Meet the Press   |  January 26, 2014

1: A View from Both Sides of Senate

Sens. Rand Paul and Dick Durbin visit Meet the Press to discuss the president's upcoming State of the Union address.

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This content comes from Closed Captioning that was broadcast along with this program.

>>> from nbc news in washington , the world's longest running television program , this is "meet the press" with david gregory .

>> good sunday morning. big week coming up here in washington . one of those moments when the president has a huge audience and a clans to speak directly to the audience with his state of the union address . my big question is how much political clout does he have left? the outspoken republican senator rand paul will talk to me about it, and speaking of republican politics, there's been a lot of discomfort this week about comments made by mike huckabee over what he describes as his war for women . we'll talk about the future of democratic politics. it seems to be all about hillary clinton . "new york times " magazine article out this morning asking whether she can be seen as a candidate of the future and not the past. first a little bit of news. the latest on that deadly shooting at a shopping mall near baltimore. police are still trying to determine the motive as a man carrying a shotgun opened fire at a mall in columbia, maryland yesterday killing two employees at a skate shop and then himself. shoppers ran for cover. gunman was also carrying explosives. the roundtable is here with me this morning. chuck todd , former head of the federal communications commission michael powell , our friend from the west, republican strategist mike murphy is here, california democratic congress woman lorette sa sanchez and carolyn ryan. you were installed in november and covering politics a long time. chuck todd , what i an difference a year makes. this awful incident in columbia. a year ago at the state of the union it was all about gun control . a different story this year.

>> it is. the key word the white house is trying to put out there is opportunity, a word borrowed from the clinton years. it used to be an obsession particularly in the second term of bill clinton . it's interesting "the new york times " this morning previews the state of the union and says it's going to be a modest state of the union which is exactly what the white house fears people will view it as, this is a modest moment. they see it actually as their last state of the union that can have an impact. when you look at the next two, 2015 and 2016 , we're going to be in the middle of a presidential campaign . everybody's going to be looking ahead. they believe this state of the union is their last one to get something done. it is modest as far as what they're going to ask congress to do, but they know this is maybe their last opportunity to have an impact.

>> what do we think? how much persuasive power does he have left?

>> this is like the shot clock, the last one. i think there's been a lot of quiet tension over the last month or two as they plan this between the political hacks very worried about the midterm elections , the president's numbers are very low, harry reid is probably going crazy every day. and then you've got the president thinking it would be nice to have some legacy other than my rather disappointing outcome with obamacare. there are some openings to the republicans , maybe legal status , things like that. i'll be interested to see how they thread the needle. when in doubt, politics will win.

>> i don't think so at all. every single day of his presidency to look forward to. i remember when i was the national chair for the democratic party under clinton and the gore political season going on. and president clinton was working so hard. i know because we were out there and we were with the people. i said to him, don't you ever get tired? because we would go till 3:00, 4:00 in the morning campaigning. he said loretta, i'm going to sleep the day after i leave the presidency.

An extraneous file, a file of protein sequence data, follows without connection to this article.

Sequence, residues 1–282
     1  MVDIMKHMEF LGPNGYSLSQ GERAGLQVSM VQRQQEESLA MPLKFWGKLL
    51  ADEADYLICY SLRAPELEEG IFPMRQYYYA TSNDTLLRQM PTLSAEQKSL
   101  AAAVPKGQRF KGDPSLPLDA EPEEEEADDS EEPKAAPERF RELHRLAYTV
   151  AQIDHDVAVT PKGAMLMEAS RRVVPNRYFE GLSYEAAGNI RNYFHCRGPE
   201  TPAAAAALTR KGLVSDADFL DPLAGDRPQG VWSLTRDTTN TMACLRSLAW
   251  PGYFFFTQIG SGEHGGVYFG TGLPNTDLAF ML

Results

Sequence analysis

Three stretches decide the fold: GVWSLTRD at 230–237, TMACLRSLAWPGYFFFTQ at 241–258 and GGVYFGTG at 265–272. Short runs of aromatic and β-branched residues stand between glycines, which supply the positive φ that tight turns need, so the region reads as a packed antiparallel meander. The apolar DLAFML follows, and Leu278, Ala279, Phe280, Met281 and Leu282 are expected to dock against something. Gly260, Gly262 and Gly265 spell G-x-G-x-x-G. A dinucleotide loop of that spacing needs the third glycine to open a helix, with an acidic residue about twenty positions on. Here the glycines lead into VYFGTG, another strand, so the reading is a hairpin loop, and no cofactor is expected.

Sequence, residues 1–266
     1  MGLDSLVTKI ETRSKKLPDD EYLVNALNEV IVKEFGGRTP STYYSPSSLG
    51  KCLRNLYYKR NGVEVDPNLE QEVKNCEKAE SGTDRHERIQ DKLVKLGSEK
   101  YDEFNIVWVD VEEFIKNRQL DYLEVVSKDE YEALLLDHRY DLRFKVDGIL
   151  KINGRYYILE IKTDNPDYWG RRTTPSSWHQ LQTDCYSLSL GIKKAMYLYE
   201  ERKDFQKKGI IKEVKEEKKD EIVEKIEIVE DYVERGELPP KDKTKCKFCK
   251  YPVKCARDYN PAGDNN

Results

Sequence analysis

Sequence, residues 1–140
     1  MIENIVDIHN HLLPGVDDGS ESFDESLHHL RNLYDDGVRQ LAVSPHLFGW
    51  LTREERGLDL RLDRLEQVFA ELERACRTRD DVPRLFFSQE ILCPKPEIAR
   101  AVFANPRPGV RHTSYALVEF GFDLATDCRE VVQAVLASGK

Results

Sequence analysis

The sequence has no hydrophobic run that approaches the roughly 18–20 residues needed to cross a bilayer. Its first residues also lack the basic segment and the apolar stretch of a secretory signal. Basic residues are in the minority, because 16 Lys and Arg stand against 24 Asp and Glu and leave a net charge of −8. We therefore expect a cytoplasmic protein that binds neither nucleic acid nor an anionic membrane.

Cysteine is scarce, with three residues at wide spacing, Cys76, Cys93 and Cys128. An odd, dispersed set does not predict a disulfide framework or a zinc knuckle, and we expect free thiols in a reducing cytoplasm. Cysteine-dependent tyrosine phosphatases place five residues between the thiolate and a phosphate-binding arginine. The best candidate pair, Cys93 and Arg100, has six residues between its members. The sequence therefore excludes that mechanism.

>> i don't know if that's president obama though.

>> there was work to be done. i still think, when i look at immigration reform which i believe we'll see something happen this year, at least an effort to try to move it forward on the floor, small things, the debt ceiling we've got to get past right now, we've got tax reform . my michigan colleague, the chair of the ways and means , david camp is anxious to do this, bacchus is anxious to do this.

>> let me interject. pure politics here. this is also a chance for him to say this is what democrats are for, you know, income inequality raising the minimum wage . he's going to be thinking about helping democrats.

>> absolutely. he's thinking about the senate midterms which the outcome of those races is far more important than the speech. but just to take issue with the idea, the question is whether does obama still command the stage. you have at least some people in the political world including his own party seem to be moving beyond the obama era. you have this kind of remarkable stampede of it people signing up to be part of the 2016 hillary clinton election campaign and the president has three years left. so the question is, is he still relevant, can he command the stage, can he move the the country.

>> we'll hear from all of you as we move forward. i want to turn to kentucky's republican senator, senator rand paul who joins me now. senator, welcome.

>> glad to be with you.

>> let me pick up on this point. you have questioned the president's moral leadership at points along the way. is there an area where you feel you can work in common cause with him this year?

>> well, you know, i think the thing we make the mistake up there, we try to agree to too much. i'm the first to acknowledge the president and i don't agree on every issue, but if you took ten issues i think there are two or three we agree on and we may agree firmly on and why don't we go after the issues we agree on like immigration reform for example. we don't agree on the whole comprehensive package for the democrats but i'll bet you about half of it we agree on. the question is, are wing will to narrow our focus and go after things we can get done or stay so polarized we always have to have our way or the highway. when i was at the white house a couple weeks ago, i said to the president, i want to increase infrastructure spending and i know you do. let's let companies bring back their profit from overseas at 5% and put it all in infrastructure and i've been talking with senator durbin, others in the senate on the democrat side. i think we could agree to that tomorrow, but we have to narrow the focus and not say, oh, we're going to do overau tax reform because we don't agree.